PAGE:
With 21 locations scattered throughout the United States, chances are you’re close to a Six Flags Park. Each is unique in their offerings of rides, attractions, water slides and more. Six Flags delivers plenty of thrills via insane roller coasters like the Twisted Colossus and the world’s tallest ride, The Sky Screamer. While there are plenty of rides geared for families and younger kids, to get the full experience, wait until your kids are teens to travel to the Six Flags Parks that are home to more extreme attractions.

Should you plan the trip yourself or use a travel agent?

If you plan ahead and use our guide, it’s entirely possible to arrange a theme park trip yourself. But having a travel agent who’s knowledgeable about the park you’d like to visit is a great asset too. Emily Barras, mom and travel agent at A Pair of Ears Travel, explains, “Using an agent takes the stress out of theme park planning. They are up to date in all of the latest theme park guidance and rules, while giving you first hand knowledge. And the best part, it’s free! Many agencies have full concierge services that will help you make park, hotel and dining reservations and they offer scheduling tips and so much more. We also keep up with ongoing promotions to make sure the client is getting the best price possible.”

If you do choose to plan yourself, here are some pointers:

The secret to success: plan ahead — sometimes, FAR ahead 

When it comes to theme park vacations, research and planning go together like Mickey & Minnie. This isn’t the type of family trip where just winging it is an option. But don’t let that intimidate you; because there’s an abundance of help a click away. Here are some must-dos in the planning phase:

Decide the best time to go.

Summer months are ideal for traveling with school-aged kids on vacation, but you also need to account for larger summer crowds, which equal longer wait times in hot weather and in some cases, extreme humidity. Visiting certain theme parks during holiday seasons like Christmas and Halloween means you get to enjoy lavish decor, special events, limited-edition collectibles and seasonal food and beverage offerings. Some rides and attractions are even transformed in honor of the holiday. Disneyland’s Haunted Mansion is decorated in painstaking detail as an homage to Tim Burton’s The Nightmare Before Christmas. Insider tip: check when your theme park destination commences their holiday season festivities. Beat the crowds and visit on a weekday in September instead of October to enjoy the high spirits of Halloween, or November instead of December to bask in the merry glow of Christmas festivities.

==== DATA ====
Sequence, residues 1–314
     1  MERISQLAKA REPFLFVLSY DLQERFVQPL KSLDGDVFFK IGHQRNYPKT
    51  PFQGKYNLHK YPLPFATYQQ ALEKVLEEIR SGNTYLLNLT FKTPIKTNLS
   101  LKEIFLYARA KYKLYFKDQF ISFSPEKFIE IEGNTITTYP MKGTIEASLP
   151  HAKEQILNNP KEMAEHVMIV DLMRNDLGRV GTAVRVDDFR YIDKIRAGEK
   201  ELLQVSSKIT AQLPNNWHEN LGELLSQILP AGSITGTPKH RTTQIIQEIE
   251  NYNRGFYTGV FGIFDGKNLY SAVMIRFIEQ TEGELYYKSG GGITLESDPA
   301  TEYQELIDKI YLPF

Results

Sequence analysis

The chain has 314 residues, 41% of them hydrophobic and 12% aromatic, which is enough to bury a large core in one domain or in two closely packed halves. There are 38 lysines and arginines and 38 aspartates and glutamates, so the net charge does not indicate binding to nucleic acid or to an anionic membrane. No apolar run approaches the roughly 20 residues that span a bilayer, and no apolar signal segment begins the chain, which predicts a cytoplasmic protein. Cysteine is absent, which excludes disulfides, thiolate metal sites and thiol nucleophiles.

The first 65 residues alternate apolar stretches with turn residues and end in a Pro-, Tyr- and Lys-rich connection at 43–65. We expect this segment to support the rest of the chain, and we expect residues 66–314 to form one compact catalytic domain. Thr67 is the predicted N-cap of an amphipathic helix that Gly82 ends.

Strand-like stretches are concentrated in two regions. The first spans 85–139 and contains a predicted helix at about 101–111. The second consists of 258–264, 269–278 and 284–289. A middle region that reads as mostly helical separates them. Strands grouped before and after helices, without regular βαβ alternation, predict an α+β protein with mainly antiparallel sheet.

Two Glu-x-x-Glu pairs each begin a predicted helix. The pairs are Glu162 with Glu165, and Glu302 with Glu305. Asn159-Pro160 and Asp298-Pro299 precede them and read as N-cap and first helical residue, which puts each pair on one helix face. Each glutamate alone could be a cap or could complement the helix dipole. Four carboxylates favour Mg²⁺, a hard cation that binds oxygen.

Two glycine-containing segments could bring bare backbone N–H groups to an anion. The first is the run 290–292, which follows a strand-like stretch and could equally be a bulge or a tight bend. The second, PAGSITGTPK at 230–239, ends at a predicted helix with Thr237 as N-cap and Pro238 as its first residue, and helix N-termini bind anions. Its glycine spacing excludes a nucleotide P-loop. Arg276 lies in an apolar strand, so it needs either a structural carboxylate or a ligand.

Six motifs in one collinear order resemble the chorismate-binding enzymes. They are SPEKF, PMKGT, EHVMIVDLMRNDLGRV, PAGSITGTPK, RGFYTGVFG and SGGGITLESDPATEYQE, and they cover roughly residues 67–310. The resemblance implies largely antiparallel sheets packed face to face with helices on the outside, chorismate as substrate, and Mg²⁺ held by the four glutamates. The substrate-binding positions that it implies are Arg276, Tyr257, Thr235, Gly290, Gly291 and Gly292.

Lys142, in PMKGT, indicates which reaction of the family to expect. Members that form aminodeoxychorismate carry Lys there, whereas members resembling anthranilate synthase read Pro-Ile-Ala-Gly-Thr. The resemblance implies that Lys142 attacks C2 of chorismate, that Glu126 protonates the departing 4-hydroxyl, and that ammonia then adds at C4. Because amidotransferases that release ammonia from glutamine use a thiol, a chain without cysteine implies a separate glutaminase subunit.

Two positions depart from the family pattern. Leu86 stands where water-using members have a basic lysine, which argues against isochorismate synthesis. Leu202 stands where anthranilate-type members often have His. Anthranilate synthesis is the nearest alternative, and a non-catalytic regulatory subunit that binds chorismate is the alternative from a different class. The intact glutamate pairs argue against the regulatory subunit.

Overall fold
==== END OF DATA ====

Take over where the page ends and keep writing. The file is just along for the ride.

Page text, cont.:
Check each park’s online crowd calendar.

View historical data on when the park is the most and least crowded and plan accordingly. Undercover Tourist also boasts an informative blog that will help you decide the most ideal time to book your trip, while also providing up-to-date vital details you’ll need to know about the theme park you’re visiting. Going during non-peak times means fewer crowds and less time waiting in line.

Join a Facebook group.

Find a group that focuses on the theme park you’ll be visiting, such as the Disneyland with Kids Group. Here you’ll learn current and invaluable tips. Get information from parents currently on-the-go at the Park and from moms and dads who conquered the theme park and want to share what they learned for the parents who have yet to boldly go where they have just gone.

Get your tickets in advance.

Once the glimmer of a theme park vacation hits your radar, be sure to research how far in advance you need to buy tickets, and whether they need to be purchased online before you arrive. Research the current status of your destination’s Fast Pass and additional options to jump the line and minimize wait times. Such perks are highly recommended and well worth the extra fees to make the most of your visit.

Download the app for your theme park of choice.

The app will help you become familiar with all of the conveniences and possibilities available to you in the palm of your hand. Consider the app your family’s mission control, and a necessity for your visit. Beyond park information, you can discover your dining options and order and pay for food, find out ride wait times, reserve Fast Passes (if available) for rides in some cases, note character meet and greets, entertainment and showtimes and so much more. 

Prior to your arrival, you can even plan your route through the theme park you’re visiting based on what you want to see and do.   

Take note of height requirements for rides.

This information will likely be found on each park’s website or app. If your kiddo isn’t tall enough to ride an attraction, it’s best to prepare them ahead of time instead of arriving at the park to face extreme disappointment and tears. To avoid heartbreak, we waited until our Lightning McQueen fanatic son was tall enough to ride Radiator Springs before we took him anywhere near the ride. 

Should you fly or drive?